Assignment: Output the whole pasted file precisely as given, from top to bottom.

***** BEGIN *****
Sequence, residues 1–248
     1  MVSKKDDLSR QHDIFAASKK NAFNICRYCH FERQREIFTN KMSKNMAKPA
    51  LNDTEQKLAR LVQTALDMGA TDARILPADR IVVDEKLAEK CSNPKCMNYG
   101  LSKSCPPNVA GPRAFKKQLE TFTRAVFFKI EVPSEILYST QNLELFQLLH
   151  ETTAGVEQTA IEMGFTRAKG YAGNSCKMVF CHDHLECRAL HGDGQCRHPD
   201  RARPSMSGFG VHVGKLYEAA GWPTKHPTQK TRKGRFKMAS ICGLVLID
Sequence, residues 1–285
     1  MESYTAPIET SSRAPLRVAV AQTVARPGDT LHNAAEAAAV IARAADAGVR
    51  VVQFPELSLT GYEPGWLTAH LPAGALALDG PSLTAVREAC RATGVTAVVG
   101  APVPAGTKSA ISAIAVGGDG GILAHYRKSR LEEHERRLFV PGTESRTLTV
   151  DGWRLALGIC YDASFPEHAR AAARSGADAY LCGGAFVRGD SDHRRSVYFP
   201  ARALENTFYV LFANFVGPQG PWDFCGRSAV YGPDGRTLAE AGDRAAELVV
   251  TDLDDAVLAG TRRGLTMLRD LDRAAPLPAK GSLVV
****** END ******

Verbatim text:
Sequence, residues 1–248
     1  MVSKKDDLSR QHDIFAASKK NAFNICRYCH FERQREIFTN KMSKNMAKPA
    51  LNDTEQKLAR LVQTALDMGA TDARILPADR IVVDEKLAEK CSNPKCMNYG
   101  LSKSCPPNVA GPRAFKKQLE TFTRAVFFKI EVPSEILYST QNLELFQLLH
   151  ETTAGVEQTA IEMGFTRAKG YAGNSCKMVF CHDHLECRAL HGDGQCRHPD
   201  RARPSMSGFG VHVGKLYEAA GWPTKHPTQK TRKGRFKMAS ICGLVLID
Sequence, residues 1–285
     1  MESYTAPIET SSRAPLRVAV AQTVARPGDT LHNAAEAAAV IARAADAGVR
    51  VVQFPELSLT GYEPGWLTAH LPAGALALDG PSLTAVREAC RATGVTAVVG
   101  APVPAGTKSA ISAIAVGGDG GILAHYRKSR LEEHERRLFV PGTESRTLTV
   151  DGWRLALGIC YDASFPEHAR AAARSGADAY LCGGAFVRGD SDHRRSVYFP
   201  ARALENTFYV LFANFVGPQG PWDFCGRSAV YGPDGRTLAE AGDRAAELVV
   251  TDLDDAVLAG TRRGLTMLRD LDRAAPLPAK GSLVV